Millions of People are Watching Earwax Removal Videos
TikTok has been an amazingly popular social-media platform, educating its audience of 800 million on a variety of topics — for example, healthcare workers dispelling coronavirus myths. One trending topic that took off in 2020 and continues to surge may surprise you: earwax removal. Videos posted with the hashtags #earwax and #earcleaning have amassed over 1.4 billion and nearly 350 million views respectively.
Why do people want to watch?
The short ear-cleaning clips are quite straightforward, ranging from healthcare professionals cleaning their patients’ ears to parents helping their kids. So what then is the appeal? There’s the shock value of seeing a lot of wax removed, akin to watching “Dr. Pimple Popper.” But that can have a silver lining. Dr. Inna A. Husain, an otorhinolaryngologist and the Director of Voice, Airway, and Swallowing Disorders Program at Rush University, told Hearing Tracker that she’s pleased to see interest in earwax removal. “I think that these videos are popular because of the big reveal [of earwax] at the end, but they do bring attention to the ear and the importance of cleaning it.”
Dr. Husain, who has her own TikTok @voicedok, believes that social media can help medical professionals reach and educate a larger audience. “Knowing that so much wax can exist in an ear can be enlightening,” she noted about the videos, “and help people realize that maybe their ears need a checkup if things don’t feel right.”
Is the advice appropriate?
Before you decide to learn earwax-removal techniques from social media, consider the source of the information. According to Dr. Husain, you’ll see these kinds of contributors on social media: otorhinolaryngologists, other medical professionals, and laypeople. While earwax can be extracted without professional training, it’s important to understand that just because people make a video, they may not offer medically sound advice.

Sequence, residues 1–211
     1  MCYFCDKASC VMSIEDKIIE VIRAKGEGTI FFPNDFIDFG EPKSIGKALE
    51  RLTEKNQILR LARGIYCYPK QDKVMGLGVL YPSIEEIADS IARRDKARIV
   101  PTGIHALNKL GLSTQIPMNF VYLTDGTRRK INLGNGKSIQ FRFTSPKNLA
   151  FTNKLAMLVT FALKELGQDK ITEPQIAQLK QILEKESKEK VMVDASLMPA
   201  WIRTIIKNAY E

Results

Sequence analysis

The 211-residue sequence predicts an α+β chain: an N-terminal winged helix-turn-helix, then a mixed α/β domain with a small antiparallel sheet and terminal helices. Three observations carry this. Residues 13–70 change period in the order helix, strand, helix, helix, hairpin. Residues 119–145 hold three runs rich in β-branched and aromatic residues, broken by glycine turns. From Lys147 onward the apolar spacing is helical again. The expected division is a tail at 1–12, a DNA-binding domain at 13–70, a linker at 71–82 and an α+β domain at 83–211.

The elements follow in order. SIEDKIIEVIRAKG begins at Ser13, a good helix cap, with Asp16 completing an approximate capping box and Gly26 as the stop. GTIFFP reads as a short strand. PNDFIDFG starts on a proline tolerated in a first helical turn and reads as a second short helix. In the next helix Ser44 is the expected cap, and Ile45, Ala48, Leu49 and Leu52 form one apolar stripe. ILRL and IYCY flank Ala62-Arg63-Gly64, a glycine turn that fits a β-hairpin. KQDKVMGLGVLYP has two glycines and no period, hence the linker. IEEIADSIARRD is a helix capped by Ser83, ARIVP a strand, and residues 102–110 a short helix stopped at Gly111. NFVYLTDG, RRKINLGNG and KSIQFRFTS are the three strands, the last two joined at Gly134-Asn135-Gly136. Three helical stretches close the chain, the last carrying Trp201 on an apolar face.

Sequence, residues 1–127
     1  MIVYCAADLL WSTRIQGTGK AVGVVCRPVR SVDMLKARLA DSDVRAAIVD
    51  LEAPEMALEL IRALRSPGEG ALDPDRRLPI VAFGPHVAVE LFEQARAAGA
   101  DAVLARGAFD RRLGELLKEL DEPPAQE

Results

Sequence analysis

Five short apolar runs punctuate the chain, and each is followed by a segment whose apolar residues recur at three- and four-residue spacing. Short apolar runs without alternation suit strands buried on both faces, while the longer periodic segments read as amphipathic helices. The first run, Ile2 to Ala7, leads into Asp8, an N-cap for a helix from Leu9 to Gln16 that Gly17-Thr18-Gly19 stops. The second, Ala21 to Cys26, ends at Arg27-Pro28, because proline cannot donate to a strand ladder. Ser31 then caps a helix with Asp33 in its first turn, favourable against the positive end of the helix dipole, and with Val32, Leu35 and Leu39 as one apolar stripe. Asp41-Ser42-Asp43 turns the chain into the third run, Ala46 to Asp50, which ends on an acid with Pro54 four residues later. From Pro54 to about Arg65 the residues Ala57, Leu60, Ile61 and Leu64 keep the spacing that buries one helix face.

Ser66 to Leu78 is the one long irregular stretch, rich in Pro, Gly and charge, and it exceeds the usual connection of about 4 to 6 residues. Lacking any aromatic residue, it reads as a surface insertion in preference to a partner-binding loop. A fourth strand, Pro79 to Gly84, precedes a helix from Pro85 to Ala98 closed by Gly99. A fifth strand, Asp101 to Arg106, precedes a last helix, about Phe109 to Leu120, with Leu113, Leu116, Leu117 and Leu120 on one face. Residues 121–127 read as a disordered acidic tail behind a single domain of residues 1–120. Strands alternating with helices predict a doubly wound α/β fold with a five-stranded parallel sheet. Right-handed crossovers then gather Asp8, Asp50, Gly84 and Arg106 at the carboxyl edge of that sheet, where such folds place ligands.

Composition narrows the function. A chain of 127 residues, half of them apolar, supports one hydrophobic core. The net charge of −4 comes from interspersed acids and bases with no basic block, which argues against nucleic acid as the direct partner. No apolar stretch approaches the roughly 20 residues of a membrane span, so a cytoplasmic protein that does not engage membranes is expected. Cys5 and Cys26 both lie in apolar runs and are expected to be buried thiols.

There’s one home remedy that made rounds on TikTok and concerns Dr. Husain: removing earwax with a candle. “We do not support the use of candling for removing earwax given the inherent danger of burning your ear, which does happen,” she said.
Dr. Husain advises against using Q-tips as well. “They can push earwax deeper into the canal,” she said. Echoing this, Chantelle Emery, the owner of Swift Hearing Centers Inc. and a hearing instrument practitioner, told Hearing Tracker that many of her patients are Q-tip users whose attempts at earwax removal with a swab has amplified the problem or caused an injury. Known as The Ear Girl on TikTok (1.3M followers), she says that she started to use the platform to demonstrate proper cleaning techniques. “Engaging with youth and adults on TikTok has allowed me to educate individuals about the proper way to clean ears as well as hearing loss and other hearing-related topics,” Emery said.
Cleaning the right way
So what does constitute proper cleaning, you may wonder? According to the Cleveland Clinic, one of the safest ways to get rid of earwax at home is by using over-the-counter ear cleaning drops. Favoring professional wax removal with precision tools, Dr. Husain says social media can help demystify this process. The videos “show the public that this should be done by a healthcare professional,” she explained. To know what to expect at an office visit, watch this TikTok video (the first video above) which has over one million views, and consider making an appointment.